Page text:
It is time that the Church realistically face the situation. Our days of trifling are running out. The evangelistic program of the Church has bogged down on nearly every front. What is worse, the great missionary thrust of the Gospel into new frontiers has largely lost its power. In most lands the enfeebled Church is not even keeping up with the exploding population. All the while the Satanic forces of this world are becoming more relentless and brazen in their attack. It is ironic when one stops to think about it. In an age when facilities for rapid communication of the Gospel are available to the Church as never before, we are actually accomplishing less in winning the world for God then before the invention of the horseless carriage.

Yet in appraising the tragic condition of affairs today, we must not become frantic in trying to reverse the trend overnight. Perhaps that has been our problem. In our concern to stem the tide we have launched one crash program after another to reach the multitudes with the saving Word of God. But what we have failed to comprehend in our frustration is that the real problem is not with the masses-what they believe, how they are governed, whether they are fed a wholesome diet or not. All these things considered so vital are ultimately manipulated by others, and for this reason, before we can resolve the exploitation of the people we must get to those influential leaders whom the people follow.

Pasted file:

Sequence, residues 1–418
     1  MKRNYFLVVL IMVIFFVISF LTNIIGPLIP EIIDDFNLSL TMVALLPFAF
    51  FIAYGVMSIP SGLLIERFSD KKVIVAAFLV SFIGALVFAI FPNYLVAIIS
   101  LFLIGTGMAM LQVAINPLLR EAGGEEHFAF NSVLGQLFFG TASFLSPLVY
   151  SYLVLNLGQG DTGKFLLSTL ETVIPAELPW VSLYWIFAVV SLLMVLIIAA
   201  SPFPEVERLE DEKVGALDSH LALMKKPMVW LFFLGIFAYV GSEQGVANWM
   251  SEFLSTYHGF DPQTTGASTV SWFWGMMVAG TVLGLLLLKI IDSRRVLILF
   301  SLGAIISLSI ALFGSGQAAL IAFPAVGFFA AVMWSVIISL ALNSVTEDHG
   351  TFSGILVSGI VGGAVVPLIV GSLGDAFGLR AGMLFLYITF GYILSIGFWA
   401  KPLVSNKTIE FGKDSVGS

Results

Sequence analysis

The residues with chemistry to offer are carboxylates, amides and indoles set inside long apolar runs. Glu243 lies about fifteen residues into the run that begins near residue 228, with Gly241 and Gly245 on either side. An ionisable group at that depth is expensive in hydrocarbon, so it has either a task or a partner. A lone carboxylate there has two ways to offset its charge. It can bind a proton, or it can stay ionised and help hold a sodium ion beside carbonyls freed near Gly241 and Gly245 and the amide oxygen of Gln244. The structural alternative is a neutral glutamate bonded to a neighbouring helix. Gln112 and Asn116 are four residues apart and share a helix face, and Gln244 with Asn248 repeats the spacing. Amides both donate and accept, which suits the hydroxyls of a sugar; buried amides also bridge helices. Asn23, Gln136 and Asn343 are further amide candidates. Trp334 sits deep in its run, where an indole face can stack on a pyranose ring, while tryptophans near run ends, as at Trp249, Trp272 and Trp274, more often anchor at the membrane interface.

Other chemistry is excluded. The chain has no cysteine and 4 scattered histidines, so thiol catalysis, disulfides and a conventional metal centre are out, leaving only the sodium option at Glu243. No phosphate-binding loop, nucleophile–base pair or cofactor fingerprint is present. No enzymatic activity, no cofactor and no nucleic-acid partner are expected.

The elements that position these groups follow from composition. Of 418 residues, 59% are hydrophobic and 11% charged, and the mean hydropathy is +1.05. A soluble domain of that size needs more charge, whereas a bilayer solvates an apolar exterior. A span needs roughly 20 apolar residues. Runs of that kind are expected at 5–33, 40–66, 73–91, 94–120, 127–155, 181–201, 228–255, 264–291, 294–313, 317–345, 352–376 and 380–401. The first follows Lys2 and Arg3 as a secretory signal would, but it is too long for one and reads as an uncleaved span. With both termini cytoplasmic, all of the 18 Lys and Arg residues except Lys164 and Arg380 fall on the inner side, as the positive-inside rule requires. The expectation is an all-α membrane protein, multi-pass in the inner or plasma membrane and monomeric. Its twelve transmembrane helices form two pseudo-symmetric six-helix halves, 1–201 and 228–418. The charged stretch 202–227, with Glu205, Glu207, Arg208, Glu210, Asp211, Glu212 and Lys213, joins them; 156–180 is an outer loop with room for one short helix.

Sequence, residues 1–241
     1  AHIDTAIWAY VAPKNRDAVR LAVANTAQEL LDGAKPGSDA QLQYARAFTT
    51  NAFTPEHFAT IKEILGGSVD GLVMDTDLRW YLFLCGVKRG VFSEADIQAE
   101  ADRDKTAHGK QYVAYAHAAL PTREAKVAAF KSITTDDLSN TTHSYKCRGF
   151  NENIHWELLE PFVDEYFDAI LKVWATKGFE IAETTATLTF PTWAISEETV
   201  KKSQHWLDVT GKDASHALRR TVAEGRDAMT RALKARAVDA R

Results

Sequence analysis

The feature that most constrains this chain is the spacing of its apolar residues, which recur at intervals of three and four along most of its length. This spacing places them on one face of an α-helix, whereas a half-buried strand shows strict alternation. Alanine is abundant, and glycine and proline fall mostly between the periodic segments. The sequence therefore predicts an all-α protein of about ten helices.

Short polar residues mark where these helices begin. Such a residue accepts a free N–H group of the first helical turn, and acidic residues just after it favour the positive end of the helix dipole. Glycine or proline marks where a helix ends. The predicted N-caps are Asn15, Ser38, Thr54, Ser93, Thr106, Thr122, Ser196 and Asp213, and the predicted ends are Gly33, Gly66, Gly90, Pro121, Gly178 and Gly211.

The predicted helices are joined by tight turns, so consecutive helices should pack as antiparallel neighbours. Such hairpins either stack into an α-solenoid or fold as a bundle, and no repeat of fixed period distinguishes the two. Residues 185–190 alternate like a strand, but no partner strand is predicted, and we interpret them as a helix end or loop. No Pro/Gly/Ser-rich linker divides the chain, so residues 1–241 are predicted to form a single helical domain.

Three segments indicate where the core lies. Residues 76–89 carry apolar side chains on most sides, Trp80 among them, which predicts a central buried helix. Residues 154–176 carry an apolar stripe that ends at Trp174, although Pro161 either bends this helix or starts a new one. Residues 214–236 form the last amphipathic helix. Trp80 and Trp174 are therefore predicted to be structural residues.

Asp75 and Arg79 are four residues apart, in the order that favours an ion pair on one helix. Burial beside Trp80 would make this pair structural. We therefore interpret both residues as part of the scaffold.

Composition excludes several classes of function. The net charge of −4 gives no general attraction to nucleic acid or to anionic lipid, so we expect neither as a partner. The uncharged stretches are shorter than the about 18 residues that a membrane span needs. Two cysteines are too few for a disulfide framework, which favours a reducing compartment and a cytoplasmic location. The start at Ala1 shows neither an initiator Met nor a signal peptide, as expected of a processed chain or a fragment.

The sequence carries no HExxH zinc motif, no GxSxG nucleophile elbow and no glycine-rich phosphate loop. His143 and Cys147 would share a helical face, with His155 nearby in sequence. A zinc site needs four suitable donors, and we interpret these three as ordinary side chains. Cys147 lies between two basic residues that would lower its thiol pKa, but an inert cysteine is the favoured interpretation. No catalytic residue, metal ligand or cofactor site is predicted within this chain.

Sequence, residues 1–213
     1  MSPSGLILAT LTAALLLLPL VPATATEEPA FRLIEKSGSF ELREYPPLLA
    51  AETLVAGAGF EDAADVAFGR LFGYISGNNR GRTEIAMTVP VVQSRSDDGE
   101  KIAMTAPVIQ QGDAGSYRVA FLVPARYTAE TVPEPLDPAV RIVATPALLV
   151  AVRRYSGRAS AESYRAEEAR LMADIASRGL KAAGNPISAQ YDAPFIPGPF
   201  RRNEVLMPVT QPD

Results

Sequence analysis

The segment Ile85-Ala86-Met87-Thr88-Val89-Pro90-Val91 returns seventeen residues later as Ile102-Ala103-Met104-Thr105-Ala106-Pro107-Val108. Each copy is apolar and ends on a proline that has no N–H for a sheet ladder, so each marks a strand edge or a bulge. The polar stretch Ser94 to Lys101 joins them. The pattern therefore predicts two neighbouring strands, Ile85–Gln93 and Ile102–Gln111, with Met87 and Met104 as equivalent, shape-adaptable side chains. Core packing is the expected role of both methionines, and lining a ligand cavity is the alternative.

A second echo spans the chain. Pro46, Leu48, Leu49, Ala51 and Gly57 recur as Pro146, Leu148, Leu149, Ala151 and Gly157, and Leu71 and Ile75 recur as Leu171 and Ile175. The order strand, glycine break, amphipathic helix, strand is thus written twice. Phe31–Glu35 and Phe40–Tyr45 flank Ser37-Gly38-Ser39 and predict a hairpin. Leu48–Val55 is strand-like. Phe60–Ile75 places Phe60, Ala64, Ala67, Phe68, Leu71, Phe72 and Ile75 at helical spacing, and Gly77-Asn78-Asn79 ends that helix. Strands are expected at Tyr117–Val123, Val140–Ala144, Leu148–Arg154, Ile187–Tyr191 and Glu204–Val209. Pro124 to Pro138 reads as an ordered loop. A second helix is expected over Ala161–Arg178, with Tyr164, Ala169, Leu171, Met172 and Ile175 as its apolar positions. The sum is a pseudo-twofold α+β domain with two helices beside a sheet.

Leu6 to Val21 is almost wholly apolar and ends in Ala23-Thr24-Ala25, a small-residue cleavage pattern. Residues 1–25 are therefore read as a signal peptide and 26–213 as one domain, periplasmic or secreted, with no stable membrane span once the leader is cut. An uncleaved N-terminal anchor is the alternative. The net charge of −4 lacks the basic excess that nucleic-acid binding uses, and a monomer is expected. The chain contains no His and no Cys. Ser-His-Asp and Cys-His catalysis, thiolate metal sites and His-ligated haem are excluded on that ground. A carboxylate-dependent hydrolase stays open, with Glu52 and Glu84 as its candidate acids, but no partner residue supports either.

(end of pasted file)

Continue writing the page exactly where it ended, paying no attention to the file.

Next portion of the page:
This, of course, puts a priority on winning and training those already in responsible positions of leadership. But if we can’t begin at the top, then let us begin where we are and train a few of the lowly to become the great. And let us remember, too, that one does not have to have the prestige of the world in order to be greatly used in the Kingdom of God. Anyone who is willing to follow Christ can become a mighty influence upon the world providing, of course, this person has the proper training himself.

Here is where we must begin just like Jesus. It will be slow, tedious, painful and probably unnoticed by men at first, but the end result will be glorious, even if we don’t live to see it. Seen this way, though, it becomes a big decision in the ministry. One must decide where he wants his ministry to count—in the momentary applause of popular recognition or in the reproduction of Christ’s life in a few chosen men who will carry on his work after he has gone. Really it is a question of which generation we are living for.